Two fall seasons ago, in our backyard, my husband walked our special girl down a grassy aisle. The bride beamed. So did the groom.
And both families held high hopes for a successful union.
Our “kids” had known each other for years. They’d played on the same Challenger softball team, attended special education classes together, and had been friends off and on since they’d graduated from Silverton High School.
“I thought I’d be married forever,” Lindsey said, averting her eyes and picking at a reddened cuticle. “I don’t believe in getting separated or divorced.”
But marriage is hard. Especially when your spouse gets sick. Really sick. “It was too much responsibility,” Lindsey explained, referring to taking care of an ill husband. “I got the worry gene. So when Nick was in the hospital, I worried all the time.”
Which is totally understandable. We’d all worry. As Nick recuperated, her husband found it too difficult to care for someone else, especially when he needed to concentrate on getting well. Which is also totally understandable.
“It takes two to make a marriage work,” Lindsey said, telling me what that meant to her. “I thought he’d hold my hair back when I got sick, and that I’d hold his ponytail when he got sick.” Lindsey waved her hands in the air, demonstrating holding Nick’s long, blond locks in her hands. “Marriage needs to be fifty-fifty.”
When Lindsey and Nick decided to end their two-year marriage, there was sadness and tears on both parts. “It’s nobody’s fault,” my thirty-four-year-old clarified. “We got married too young. We should’ve waited till we were older and wiser.”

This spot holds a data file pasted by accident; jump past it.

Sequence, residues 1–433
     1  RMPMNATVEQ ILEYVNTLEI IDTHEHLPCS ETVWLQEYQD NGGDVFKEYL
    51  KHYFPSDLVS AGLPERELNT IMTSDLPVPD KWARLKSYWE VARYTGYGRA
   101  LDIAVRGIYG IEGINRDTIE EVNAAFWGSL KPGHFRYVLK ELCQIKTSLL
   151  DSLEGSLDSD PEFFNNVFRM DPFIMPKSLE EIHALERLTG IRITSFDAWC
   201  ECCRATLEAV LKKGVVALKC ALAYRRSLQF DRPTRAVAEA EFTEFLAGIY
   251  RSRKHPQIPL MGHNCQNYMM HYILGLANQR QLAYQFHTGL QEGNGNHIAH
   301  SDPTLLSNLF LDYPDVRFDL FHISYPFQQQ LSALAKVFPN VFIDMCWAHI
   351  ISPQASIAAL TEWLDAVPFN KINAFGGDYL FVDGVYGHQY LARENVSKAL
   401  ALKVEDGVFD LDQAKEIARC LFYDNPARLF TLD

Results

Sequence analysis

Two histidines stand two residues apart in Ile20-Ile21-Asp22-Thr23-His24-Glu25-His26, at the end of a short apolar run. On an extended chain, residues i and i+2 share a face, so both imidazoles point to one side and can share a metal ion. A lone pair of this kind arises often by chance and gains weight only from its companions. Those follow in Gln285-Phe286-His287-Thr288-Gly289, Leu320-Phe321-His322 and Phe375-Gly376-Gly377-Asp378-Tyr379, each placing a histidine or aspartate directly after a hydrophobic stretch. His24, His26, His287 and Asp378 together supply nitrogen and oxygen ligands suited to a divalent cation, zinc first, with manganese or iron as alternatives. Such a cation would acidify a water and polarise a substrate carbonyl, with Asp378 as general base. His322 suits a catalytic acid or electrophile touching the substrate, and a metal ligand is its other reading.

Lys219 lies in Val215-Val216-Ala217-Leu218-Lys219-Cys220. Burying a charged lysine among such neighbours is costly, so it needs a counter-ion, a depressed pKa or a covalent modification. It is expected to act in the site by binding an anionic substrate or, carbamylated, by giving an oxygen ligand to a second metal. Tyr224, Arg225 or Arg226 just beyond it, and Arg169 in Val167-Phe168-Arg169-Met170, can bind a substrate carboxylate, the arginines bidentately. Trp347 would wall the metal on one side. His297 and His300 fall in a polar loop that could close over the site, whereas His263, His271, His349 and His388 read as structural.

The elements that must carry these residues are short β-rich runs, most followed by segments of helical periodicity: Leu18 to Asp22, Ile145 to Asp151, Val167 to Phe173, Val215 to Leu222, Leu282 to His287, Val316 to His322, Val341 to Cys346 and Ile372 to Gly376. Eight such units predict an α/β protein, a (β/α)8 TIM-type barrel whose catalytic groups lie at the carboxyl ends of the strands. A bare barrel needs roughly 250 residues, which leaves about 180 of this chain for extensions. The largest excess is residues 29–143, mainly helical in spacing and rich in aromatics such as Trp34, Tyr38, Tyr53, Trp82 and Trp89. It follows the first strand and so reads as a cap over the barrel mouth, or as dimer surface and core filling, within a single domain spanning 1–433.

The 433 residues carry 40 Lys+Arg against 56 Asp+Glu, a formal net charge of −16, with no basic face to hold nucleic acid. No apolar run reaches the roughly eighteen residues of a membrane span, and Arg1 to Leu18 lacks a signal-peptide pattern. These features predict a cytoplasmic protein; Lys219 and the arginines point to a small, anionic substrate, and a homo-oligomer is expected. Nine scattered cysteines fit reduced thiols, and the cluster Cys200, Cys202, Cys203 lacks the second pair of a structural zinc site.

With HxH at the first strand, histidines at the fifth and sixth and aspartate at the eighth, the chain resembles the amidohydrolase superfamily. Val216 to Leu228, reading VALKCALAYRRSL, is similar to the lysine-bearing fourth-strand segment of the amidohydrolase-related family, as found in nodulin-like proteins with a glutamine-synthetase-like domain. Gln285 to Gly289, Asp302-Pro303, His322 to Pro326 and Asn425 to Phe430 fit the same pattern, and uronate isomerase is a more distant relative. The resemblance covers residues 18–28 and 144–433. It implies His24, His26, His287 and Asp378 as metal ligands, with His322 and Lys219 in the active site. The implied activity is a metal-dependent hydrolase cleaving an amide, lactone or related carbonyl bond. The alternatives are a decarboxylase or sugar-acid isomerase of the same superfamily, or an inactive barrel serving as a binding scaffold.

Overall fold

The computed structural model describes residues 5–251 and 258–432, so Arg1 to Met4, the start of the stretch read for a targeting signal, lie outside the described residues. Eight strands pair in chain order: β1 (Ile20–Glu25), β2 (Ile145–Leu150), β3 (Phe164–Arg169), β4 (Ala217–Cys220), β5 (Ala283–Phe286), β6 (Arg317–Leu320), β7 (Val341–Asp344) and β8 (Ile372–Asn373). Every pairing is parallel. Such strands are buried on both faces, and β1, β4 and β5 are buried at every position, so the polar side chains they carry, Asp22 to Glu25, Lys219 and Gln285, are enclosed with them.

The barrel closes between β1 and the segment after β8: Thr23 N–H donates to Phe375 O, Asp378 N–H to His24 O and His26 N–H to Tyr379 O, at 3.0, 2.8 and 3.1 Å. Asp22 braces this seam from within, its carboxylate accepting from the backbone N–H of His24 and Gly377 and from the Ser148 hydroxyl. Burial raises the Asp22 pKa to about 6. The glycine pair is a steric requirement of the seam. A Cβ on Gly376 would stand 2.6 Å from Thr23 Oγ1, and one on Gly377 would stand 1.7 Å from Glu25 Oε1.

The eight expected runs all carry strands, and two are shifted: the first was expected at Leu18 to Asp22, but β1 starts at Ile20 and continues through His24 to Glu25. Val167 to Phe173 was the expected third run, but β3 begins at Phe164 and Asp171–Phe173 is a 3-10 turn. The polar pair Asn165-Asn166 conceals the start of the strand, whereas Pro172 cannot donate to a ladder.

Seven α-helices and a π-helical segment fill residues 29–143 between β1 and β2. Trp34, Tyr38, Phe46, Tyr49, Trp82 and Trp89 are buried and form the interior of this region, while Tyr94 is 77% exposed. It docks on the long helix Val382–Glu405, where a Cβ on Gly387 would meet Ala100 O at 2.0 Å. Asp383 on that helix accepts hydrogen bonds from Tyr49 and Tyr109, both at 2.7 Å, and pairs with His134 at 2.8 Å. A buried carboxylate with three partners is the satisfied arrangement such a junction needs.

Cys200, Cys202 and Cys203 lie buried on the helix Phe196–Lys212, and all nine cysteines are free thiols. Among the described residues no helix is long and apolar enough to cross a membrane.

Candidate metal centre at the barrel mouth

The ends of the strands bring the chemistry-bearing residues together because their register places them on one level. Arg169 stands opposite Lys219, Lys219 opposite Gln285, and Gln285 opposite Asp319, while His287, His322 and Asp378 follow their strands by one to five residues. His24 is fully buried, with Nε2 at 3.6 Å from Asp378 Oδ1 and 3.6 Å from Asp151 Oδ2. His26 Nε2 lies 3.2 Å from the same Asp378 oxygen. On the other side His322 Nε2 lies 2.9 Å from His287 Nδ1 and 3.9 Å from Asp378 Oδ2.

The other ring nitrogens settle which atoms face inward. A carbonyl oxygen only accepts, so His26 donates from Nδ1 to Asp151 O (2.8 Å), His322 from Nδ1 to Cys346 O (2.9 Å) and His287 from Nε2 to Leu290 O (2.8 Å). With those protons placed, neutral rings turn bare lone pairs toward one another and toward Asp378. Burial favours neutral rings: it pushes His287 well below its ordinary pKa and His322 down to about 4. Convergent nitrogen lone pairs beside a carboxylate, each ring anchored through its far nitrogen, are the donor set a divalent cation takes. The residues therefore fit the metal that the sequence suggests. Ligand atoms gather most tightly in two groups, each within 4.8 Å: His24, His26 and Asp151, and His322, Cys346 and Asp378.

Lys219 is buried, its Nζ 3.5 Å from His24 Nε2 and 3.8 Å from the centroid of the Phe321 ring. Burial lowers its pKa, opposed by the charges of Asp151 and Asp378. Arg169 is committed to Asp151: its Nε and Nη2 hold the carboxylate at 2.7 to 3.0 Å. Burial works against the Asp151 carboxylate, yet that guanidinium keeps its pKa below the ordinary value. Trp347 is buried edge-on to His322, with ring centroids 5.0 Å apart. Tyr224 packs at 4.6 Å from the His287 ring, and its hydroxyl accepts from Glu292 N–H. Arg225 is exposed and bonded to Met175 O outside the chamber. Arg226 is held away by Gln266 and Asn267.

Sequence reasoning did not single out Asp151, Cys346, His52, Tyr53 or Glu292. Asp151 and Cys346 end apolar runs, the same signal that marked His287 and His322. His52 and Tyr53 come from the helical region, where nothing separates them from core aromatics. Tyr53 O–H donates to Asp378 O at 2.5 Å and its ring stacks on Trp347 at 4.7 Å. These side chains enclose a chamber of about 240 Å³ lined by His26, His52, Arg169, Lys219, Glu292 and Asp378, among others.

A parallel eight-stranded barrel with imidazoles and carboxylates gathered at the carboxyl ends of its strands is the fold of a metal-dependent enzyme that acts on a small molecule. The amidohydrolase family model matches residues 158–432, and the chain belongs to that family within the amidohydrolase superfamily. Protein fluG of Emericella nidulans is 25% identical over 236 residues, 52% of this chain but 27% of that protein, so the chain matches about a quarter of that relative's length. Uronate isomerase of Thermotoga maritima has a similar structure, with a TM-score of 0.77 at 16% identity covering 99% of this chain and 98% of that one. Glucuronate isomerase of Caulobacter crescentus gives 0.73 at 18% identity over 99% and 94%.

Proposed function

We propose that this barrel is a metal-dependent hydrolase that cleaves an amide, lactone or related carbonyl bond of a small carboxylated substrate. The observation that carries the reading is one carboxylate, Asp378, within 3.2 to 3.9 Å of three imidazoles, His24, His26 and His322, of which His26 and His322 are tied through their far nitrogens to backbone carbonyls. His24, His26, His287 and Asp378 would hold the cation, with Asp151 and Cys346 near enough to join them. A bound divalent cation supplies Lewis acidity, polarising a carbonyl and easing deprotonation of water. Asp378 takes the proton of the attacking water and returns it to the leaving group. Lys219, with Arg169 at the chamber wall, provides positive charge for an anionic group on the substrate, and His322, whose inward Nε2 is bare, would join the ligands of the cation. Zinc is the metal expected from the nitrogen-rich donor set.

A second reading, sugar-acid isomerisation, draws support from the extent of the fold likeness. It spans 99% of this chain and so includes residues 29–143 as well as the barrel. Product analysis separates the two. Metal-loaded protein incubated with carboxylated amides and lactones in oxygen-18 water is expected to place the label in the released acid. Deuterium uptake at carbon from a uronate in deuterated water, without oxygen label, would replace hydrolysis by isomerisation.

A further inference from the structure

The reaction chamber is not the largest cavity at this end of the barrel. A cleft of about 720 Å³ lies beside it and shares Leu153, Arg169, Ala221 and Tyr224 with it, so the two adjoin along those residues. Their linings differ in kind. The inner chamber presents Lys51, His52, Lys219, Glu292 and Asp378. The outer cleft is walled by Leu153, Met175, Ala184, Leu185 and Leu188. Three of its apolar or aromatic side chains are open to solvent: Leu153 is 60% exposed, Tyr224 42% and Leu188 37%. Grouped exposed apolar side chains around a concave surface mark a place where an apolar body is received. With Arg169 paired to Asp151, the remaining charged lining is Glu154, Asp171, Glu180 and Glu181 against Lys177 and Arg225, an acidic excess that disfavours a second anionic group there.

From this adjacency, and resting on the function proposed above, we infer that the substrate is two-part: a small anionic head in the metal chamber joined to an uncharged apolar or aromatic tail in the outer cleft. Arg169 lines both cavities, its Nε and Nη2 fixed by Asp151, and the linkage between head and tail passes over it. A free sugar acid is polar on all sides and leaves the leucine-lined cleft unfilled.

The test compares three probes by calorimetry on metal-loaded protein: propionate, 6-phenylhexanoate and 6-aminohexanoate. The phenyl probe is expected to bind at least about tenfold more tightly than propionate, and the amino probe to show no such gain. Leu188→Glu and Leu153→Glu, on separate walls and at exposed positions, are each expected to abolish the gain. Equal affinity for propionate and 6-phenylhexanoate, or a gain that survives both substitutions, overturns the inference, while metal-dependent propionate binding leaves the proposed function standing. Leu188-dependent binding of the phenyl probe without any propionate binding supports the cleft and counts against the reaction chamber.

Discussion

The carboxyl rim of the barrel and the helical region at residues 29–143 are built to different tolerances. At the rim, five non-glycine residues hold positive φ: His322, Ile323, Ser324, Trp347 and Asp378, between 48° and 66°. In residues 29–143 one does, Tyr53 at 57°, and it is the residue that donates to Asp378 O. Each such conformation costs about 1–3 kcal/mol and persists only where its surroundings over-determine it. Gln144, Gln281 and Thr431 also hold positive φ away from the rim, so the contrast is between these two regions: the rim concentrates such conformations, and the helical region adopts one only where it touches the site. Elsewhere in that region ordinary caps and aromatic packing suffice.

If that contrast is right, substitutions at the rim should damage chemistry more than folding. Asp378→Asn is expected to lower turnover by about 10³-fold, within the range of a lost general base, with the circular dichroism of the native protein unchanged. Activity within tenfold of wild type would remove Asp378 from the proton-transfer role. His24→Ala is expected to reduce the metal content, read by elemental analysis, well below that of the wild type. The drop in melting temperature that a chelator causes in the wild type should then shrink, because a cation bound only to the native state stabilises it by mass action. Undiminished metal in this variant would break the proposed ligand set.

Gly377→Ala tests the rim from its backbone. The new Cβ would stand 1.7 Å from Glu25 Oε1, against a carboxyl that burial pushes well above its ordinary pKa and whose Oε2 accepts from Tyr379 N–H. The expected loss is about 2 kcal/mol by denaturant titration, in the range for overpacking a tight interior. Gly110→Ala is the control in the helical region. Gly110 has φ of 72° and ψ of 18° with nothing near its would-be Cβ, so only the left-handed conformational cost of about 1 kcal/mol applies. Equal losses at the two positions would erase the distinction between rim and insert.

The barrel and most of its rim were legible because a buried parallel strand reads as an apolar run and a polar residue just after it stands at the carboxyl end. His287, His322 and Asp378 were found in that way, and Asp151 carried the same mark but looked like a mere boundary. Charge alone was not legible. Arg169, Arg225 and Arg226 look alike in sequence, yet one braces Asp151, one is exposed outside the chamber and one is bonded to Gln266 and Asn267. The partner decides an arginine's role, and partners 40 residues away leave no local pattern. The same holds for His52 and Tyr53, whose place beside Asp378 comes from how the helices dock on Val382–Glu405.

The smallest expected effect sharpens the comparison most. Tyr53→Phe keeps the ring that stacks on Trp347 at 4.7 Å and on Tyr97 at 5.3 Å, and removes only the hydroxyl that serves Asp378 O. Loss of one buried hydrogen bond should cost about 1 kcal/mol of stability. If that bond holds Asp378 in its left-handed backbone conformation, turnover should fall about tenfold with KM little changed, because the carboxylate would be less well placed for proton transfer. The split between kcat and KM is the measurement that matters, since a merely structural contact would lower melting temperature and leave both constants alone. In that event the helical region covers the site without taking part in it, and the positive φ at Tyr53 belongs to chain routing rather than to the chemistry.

Most thirty-something couples would likely think they’d waited long enough. They’d probably recognize that marriage is a lot of work. But when the couple has developmental delays, relationships can be extra daunting. Lindsey and Nick struggled with everyday issues. Disagreements were handled immaturely—more like ten-year-olds than responsible adults. And even though Lindsey and Nick sought counseling, hoping to improve their communication techniques, ultimately, this special couple didn’t have the abilities to deal with the stress of caring for another person. Especially when times were tough.
Now Lindsey has advice for other couples considering marriage.
She pushed a dark curl off her forehead. Her blue eyes darted right, then left. “Don’t rush into it. Get to know the person first.” She adjusted a rainbow-colored plastic headband, then continued. “Make sure you are marrying the marrying type.” Her face remained intensely serious. “In other words, make sure the person you pick wants to be married too.”
Lindsey said that the last three months (of singleness) have gone by very fast. When she and Nick were married, all of their marital distractions caused Lindsey to miss work. She often felt ill herself. “But I’m more focused now. I don’t miss so many days. And when I’m at State Farm, I concentrate on my job.”
Lindsey told us that she’s taking better care of herself and regularly hangs out with Brenda, her new State Provider. “I like doing my own thing. I think being single is the best way to go because now my life is way too busy for a relationship.”
A lot of people have supported Lindsey and Nick in love, and in health, and in sickness. They have appreciated all that support and are grateful for the outpouring of concern and affection that has come their way.
But Lindsey has made a request. She wants you all to know: “Nick and I will be friends forever, but I’m moving on with my life. And I’m happy.”
My first book will be coming out September 26, 2017. If you are interested in learning more about Loving Lindsey: Raising a Daughter with Special Needs, please click here.